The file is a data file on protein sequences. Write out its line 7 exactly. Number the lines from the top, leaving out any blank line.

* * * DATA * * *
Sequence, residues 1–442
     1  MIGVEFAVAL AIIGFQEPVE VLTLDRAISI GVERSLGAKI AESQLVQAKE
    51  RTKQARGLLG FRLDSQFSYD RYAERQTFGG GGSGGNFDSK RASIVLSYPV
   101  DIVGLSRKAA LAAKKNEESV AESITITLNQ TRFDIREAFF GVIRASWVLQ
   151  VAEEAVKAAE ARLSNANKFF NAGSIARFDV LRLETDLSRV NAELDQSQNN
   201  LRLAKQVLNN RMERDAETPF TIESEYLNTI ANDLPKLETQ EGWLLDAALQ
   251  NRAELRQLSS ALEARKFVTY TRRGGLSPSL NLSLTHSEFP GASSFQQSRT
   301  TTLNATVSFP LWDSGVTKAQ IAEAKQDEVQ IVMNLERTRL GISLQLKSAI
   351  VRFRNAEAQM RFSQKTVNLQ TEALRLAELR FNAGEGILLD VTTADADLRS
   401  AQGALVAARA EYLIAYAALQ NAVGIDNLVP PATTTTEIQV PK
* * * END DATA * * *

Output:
   251  NRAELRQLSS ALEARKFVTY TRRGGLSPSL NLSLTHSEFP GASSFQQSRT